A public inquiry into the death of poisoned Russian spy Alexander Litvinenko has been rejected by the government in a blow to his widow's quest for truth.
Coroner Sir Robert Owen told a hearing at the Royal Courts of Justice that his request for a public inquiry, in place of an inquest, was turned down at 10.15am today.
Sir Robert previously ruled that vital secret evidence could not legally be considered as part of a normal inquest and asked the Government to hold an inquiry instead.
His call was backed by Mr Litvinenko's widow Marina, who was present at the hearing.
Mr Litvinenko, 43, was poisoned with radioactive polonium-210 while drinking tea at the Millennium Hotel in London's Grosvenor Square in 2006.
The family believe he was working for MI6 at the time and was killed on the orders of the Kremlin.
Ben Emmerson QC, representing Mrs Litvinenko, told the hearing that the Government had shown an "utter lack of professionalism" in the way it handled the request for a public inquiry.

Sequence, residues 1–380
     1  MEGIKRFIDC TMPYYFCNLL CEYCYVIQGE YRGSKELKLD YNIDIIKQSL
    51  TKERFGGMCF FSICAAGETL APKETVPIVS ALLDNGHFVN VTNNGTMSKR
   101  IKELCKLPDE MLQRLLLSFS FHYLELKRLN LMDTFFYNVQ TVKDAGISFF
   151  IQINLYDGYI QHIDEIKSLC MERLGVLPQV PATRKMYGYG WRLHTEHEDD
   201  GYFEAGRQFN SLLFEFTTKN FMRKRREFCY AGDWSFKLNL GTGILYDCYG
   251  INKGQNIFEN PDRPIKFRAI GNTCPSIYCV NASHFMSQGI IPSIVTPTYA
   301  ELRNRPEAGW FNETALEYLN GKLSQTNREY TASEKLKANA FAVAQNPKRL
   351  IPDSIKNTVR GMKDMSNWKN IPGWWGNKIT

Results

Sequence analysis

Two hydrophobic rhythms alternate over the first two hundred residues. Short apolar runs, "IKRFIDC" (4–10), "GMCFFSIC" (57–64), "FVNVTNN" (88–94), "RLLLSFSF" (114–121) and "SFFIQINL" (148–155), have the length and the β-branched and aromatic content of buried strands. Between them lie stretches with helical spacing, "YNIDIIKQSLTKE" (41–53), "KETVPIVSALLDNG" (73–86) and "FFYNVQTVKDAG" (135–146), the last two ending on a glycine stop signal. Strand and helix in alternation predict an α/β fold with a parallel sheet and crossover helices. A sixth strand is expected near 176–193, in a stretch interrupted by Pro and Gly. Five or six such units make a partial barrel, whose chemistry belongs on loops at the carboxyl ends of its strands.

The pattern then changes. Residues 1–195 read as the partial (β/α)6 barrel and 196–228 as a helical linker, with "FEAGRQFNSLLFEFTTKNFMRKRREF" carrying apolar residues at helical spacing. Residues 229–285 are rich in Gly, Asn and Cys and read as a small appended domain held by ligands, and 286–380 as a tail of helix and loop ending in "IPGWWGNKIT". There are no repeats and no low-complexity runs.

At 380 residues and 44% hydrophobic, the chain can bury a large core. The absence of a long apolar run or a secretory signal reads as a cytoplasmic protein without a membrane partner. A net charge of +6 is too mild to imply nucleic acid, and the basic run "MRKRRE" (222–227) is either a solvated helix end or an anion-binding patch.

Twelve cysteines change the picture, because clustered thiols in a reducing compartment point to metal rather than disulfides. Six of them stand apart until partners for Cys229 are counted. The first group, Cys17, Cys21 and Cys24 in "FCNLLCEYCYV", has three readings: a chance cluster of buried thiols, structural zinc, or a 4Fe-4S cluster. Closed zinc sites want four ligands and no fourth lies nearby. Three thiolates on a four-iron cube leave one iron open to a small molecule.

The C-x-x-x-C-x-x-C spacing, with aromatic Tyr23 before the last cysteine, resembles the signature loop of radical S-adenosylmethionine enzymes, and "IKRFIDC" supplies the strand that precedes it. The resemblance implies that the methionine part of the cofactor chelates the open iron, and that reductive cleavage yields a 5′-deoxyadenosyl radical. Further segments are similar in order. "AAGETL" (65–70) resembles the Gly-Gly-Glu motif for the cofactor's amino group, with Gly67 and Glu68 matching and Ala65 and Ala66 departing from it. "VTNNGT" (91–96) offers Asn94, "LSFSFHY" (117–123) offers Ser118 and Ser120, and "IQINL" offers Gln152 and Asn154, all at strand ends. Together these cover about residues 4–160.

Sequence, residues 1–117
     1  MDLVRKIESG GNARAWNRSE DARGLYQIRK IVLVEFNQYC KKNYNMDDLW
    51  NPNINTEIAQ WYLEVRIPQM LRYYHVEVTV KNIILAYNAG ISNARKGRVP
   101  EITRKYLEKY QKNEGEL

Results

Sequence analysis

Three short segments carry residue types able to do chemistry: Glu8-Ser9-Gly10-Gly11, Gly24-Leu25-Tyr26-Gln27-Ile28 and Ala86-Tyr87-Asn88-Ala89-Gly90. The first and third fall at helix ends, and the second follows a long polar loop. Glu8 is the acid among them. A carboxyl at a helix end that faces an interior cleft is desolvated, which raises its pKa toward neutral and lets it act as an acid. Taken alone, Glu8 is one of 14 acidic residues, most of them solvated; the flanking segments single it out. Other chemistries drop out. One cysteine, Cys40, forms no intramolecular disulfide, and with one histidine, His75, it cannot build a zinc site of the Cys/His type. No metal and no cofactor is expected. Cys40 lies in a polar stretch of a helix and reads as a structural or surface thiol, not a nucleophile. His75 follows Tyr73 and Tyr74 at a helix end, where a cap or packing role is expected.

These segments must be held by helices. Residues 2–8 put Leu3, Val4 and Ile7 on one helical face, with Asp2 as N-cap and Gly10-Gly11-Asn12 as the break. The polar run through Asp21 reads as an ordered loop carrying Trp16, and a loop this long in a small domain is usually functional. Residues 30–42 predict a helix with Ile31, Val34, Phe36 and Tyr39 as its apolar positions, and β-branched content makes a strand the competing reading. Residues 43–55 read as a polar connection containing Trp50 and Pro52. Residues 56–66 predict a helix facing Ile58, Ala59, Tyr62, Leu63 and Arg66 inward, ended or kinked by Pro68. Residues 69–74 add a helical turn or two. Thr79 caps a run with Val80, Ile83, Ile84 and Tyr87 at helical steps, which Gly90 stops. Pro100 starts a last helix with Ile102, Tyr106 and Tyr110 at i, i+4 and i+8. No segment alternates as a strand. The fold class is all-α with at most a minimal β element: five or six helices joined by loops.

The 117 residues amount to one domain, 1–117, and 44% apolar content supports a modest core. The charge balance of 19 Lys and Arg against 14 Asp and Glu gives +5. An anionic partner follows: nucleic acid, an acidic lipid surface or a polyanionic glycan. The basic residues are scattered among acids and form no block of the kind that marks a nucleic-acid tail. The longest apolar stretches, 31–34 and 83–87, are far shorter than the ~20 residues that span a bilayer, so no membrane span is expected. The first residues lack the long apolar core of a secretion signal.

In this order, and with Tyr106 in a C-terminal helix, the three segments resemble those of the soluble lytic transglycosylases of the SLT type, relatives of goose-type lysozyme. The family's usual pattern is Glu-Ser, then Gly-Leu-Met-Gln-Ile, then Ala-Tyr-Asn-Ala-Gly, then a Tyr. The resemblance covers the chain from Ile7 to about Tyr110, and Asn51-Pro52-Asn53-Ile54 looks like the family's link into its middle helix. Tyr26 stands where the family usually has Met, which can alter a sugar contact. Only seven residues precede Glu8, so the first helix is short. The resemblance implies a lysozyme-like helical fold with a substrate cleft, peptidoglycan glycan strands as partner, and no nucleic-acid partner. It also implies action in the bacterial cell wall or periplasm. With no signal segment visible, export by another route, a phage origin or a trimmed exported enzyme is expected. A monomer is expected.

"The repeated catalogue of broken promises is a sign of something gone awry," Mr Emmerson QC said.
Mr Emmerson told the hearing that the family wanted a judicial review into the decision not to hold a public inquiry on the grounds of "irrationality".
Sir Robert had determined that he could not hear evidence linked to the alleged involvement of the Russian government in public following an application by the Foreign Office to keep certain information under wraps.
He wrote to the Justice Secretary requesting that a public inquiry was held in place of the inquest.